Spirit of Music
Location Notes:

Located east of S. Michigan Avenue and north of E. Balbo Drive

Located Within: Grant (Ulysses) Park
Artist: Albin Polasek
Year Created: 1923
Installed: 1923
Year Relocated: 1941, 1958, 1991
Other Designer: Howard Van Doren Shaw, architect
Features: Outdoor, Sculpture



The Spirit of Music honors Theodore Thomas (1835–1905), first conductor of the Chicago Symphony Orchestra (CSO). Born in Germany, Thomas was a well-respected violinist and conductor who settled in Chicago in 1889 to help establish the city’s first permanent orchestra. After performing in the Auditorium Theatre for many years, Thomas achieved his dream of building a permanent home for the CSO. The Burnham-designed Orchestra Hall was dedicated in December 1904, only a few weeks before Thomas died. Fourteen years later, the B.F. Ferguson Fund commissioned Czech immigrant Albin Polasek (1879–1965), a talented artist who headed the sculpture department at the School of the Art Institute, to create the monument.

The fourteen-foot-tall bronze muse is depicted holding a lyre. According to Polasek, the face behind the mask on the lyre is modeled after his own. American architect Howard Van Doren Shaw (1869–1926) collaborated with Polasek on the monument’s granite exedra and bench. Stretching across the low forty-foot-long wall behind the bronze figure, the exedra portrays members of the orchestra playing their instruments in sculptural relief.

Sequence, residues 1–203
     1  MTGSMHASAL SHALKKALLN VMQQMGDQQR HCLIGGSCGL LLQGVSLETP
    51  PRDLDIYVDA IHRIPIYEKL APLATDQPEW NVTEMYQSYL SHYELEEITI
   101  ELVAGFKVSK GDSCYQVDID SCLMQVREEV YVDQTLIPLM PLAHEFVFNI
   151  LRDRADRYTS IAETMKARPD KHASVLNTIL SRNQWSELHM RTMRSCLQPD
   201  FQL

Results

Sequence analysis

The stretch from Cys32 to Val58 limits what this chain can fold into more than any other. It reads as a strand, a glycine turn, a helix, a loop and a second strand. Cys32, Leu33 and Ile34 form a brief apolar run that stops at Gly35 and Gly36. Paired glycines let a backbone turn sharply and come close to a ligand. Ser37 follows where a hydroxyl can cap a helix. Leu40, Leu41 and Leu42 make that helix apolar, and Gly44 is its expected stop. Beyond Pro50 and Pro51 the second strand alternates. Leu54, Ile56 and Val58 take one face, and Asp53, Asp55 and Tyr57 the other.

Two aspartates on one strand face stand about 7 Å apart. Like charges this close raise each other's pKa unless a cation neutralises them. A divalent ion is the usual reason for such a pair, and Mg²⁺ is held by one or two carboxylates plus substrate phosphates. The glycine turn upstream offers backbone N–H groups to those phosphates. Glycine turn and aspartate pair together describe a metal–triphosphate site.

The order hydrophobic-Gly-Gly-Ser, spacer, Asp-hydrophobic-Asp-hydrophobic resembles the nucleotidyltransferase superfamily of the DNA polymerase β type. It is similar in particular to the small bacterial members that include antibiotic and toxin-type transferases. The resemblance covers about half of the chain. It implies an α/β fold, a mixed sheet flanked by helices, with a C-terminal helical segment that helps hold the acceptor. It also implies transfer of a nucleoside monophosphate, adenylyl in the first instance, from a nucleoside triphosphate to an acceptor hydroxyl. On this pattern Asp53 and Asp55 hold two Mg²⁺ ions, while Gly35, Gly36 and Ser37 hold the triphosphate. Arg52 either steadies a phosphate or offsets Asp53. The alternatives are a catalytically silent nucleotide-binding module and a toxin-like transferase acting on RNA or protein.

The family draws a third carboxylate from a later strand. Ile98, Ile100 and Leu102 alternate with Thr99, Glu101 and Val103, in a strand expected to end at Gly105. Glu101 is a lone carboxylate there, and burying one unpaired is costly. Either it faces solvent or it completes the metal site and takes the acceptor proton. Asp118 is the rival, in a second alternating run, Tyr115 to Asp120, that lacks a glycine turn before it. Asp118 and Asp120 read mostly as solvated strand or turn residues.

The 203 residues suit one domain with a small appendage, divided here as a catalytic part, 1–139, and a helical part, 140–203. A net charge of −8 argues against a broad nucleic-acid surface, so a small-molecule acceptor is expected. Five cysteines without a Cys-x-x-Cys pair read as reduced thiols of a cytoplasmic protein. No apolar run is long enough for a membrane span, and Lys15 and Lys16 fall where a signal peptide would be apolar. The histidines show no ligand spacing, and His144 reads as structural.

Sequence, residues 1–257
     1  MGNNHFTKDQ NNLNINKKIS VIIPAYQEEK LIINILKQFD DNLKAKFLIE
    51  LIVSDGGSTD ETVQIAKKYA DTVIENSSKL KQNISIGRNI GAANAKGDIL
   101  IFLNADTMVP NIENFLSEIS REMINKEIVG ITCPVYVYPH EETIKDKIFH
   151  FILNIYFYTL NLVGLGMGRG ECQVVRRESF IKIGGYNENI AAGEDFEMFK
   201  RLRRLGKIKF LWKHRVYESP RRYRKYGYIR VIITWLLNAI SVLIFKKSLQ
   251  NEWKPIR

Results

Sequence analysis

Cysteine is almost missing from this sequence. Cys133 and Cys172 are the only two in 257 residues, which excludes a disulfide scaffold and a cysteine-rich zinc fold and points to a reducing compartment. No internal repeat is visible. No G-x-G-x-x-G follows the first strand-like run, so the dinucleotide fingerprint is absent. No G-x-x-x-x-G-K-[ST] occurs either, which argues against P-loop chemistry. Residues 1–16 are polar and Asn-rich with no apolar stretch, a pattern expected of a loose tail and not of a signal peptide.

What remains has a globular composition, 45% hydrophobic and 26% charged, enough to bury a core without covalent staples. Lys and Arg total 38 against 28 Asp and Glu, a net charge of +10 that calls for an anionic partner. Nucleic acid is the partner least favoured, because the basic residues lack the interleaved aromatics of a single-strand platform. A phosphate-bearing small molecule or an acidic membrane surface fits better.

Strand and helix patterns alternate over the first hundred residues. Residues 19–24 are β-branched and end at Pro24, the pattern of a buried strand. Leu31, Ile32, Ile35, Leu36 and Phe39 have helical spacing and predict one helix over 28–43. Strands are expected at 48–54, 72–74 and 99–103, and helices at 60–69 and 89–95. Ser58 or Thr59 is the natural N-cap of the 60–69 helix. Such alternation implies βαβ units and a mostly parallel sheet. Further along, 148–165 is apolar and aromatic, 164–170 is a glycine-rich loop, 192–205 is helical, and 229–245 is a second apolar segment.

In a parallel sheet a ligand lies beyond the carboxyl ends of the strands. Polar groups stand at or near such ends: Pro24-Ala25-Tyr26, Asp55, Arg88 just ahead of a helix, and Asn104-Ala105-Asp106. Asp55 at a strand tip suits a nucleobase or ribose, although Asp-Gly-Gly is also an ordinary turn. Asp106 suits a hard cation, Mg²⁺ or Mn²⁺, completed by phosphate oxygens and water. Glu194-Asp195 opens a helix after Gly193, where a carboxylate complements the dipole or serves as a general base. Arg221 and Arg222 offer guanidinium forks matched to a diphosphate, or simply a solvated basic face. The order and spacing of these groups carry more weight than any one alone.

Over the years, the sculpture has stood in several different locations in Grant Park. Originally erected just south of the Art Institute, facing Orchestra Hall in 1923, it was first relocated in 1941 when museum’s south garden underwent major renovations. At that time, the Park District separated the bronze figure from its exedra and symmetrically placing the sculpture in front of a classically-designed peristyle near Randolph Street. In 1958, the bronze sculpture was moved again—still without its original backdrop—near the Buckingham Fountain.

In the early 1990s, a lakefront jogger discovered pieces of the artwork’s original carved granite exedra along the edge of Lake Michigan. The Chicago Park District soon retrieved them, and restored the original exedra as well as the bronze figurative sculpture. The restored artwork was installed in a new location at Balbo Drive and Michigan Avenue. The Park District went on to create the adjacent Spirit of Music Garden, now the popular venue for Chicago’s annual Summer Dance series.

Map & Facilities

Spirit of Music | Artwork